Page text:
It should come as no surprise that advocacy is a large part of special needs parenting. More times than I can count, I have had to fight for my five-year-old daughter, JJ. I have wrangled with doctors, nurses, surgeons, and pharmacists. Hours have been spent on the phone sorting out paperwork issues or pushing for treatments and medicines. Days, sometimes weeks, have been devoted to appealing insurance denials.
These were not things I wanted to do. They were things I felt I had to do. And, for the most part, the results have been good. We have gotten JJ medications, therapies, and pieces of equipment that are helping her to live her best life. Not only that, but we have avoided many situations we know would have caused her pain and distress.
The fact that I have become an advocate for my disabled child has never shocked me. From the moment we received her diagnosis, I expected to take on this role. Instead, what has surprised me has been just how much my education, financial situation, background, and access to resources have mattered. Because make no mistake, these things have played a big part in all of my successes. Without them, there are many times when I know in my bones I would have failed.
My experiences have taught me that special needs families need access to a few key things in order to be effective advocates for their loved ones. After all, it takes money to hire lawyers, time to prepare appeals, and energy to create convincing arguments. It also helps tremendously if you know how to access and interpret information about medications, treatments, diagnoses, medical equipment, individualized educations plans (IEPs), and the like.
I first became aware of the role these types of resources play in the world of advocacy as the what ifs began to pile up. With the celebration of every win came questions. What if I hadn’t known when to push back? What if I still had my job and didn’t have time to prepare a good insurance appeal? What if I didn’t know how to research treatment options or interpret the latest scientific findings? What if I didn’t have people—attorneys, doctors, knowledgeable friends—I could ask for help? What if I didn’t speak English well?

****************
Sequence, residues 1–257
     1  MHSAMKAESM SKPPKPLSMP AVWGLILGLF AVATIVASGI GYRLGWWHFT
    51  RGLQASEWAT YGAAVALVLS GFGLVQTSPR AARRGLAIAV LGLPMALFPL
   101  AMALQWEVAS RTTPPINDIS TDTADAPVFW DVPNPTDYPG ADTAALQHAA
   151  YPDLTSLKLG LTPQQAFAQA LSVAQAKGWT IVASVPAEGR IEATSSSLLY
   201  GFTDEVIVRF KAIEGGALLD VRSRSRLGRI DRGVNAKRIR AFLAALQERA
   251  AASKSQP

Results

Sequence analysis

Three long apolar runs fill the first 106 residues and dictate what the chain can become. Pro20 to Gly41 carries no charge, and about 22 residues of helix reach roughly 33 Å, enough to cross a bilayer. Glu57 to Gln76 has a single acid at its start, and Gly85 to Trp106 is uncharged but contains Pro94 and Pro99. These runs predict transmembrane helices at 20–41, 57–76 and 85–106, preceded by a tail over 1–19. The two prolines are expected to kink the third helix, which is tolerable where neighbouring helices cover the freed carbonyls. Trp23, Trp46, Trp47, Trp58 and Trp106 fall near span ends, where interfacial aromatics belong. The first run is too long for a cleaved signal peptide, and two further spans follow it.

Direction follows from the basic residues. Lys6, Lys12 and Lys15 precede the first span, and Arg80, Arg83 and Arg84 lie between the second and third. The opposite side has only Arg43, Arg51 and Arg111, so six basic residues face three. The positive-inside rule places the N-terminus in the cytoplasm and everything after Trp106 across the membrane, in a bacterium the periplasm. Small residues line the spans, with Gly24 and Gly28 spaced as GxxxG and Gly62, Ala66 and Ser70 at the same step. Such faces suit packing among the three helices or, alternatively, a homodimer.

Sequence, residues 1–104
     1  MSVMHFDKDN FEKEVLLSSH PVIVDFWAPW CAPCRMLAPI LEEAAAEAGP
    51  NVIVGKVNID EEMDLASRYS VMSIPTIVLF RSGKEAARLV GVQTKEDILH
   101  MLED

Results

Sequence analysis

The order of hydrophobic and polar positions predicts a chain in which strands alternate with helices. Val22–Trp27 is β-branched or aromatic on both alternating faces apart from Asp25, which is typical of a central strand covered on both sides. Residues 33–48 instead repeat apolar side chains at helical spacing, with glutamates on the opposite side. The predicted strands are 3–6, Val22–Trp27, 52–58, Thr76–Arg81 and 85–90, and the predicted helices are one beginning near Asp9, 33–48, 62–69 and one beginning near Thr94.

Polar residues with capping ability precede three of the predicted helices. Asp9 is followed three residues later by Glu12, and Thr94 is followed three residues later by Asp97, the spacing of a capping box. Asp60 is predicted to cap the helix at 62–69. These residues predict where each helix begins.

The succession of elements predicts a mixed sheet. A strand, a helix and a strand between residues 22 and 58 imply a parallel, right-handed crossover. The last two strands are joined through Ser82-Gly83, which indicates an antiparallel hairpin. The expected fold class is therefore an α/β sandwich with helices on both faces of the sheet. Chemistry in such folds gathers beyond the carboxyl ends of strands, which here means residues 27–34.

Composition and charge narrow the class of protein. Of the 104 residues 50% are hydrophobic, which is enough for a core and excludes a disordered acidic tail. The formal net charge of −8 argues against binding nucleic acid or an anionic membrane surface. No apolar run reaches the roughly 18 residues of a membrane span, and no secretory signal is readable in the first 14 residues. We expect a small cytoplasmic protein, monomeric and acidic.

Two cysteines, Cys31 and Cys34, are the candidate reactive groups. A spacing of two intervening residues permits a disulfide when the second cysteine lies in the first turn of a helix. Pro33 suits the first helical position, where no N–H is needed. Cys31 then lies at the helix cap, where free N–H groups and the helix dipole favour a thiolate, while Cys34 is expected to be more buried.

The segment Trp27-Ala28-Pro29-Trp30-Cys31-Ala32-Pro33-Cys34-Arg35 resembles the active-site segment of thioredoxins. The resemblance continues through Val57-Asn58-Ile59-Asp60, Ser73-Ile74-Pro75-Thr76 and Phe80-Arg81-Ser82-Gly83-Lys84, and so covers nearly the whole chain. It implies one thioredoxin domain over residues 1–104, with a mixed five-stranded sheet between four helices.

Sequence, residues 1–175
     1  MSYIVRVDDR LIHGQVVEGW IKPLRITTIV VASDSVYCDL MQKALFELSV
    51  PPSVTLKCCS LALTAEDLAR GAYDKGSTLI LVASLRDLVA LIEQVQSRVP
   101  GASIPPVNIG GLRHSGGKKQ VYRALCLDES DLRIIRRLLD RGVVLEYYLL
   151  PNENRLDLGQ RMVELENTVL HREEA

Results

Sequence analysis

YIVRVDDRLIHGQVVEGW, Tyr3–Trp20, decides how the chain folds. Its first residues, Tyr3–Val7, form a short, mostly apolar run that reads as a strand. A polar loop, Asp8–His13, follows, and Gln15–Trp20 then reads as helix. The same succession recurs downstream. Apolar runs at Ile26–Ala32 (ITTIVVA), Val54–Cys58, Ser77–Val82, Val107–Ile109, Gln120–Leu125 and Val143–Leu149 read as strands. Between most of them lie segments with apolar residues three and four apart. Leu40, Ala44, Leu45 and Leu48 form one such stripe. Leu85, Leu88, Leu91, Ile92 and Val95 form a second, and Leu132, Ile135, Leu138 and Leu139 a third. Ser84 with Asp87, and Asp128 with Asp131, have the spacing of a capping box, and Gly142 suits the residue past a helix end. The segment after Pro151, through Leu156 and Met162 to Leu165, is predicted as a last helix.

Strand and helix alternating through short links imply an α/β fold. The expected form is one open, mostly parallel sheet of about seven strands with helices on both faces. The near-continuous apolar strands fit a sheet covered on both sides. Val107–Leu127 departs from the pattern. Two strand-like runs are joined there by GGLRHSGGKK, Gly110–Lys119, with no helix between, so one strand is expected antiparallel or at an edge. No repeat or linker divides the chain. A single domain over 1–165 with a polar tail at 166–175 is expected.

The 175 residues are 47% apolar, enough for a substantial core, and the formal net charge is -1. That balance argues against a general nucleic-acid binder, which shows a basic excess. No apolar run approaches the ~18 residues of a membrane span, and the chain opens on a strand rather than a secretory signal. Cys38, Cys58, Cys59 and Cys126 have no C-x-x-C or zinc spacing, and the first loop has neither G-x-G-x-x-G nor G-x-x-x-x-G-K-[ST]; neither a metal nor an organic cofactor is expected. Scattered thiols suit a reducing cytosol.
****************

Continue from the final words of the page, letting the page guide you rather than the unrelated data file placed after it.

Unfortunately, there are many special needs families who do not manage to avoid this long list of what ifs. When it comes to navigating complex systems like health care and insurance, many of these people feel at a loss. They have little idea who could help them create appeals or how to push back against decisions that hurt their loved ones. Sometimes they even remain unaware of organizations and non-profits created to help families just like theirs. I often see posts on message boards and social media written by family members like this asking for help.
However, these people aren’t in the worst position one can be in. After all, they were able to recognize an unfair decision or situation and knew to reach out to other parents in their community for help. The parents who worry me the most are the ones we do not see on message boards or comment threads. The ones who quietly accept the letter of denial, the exorbitant hospital bill, or the diagnosis that just doesn’t make sense. These people sometimes don’t even know these are problems that can be solved—if they pushed hard enough and in the right way.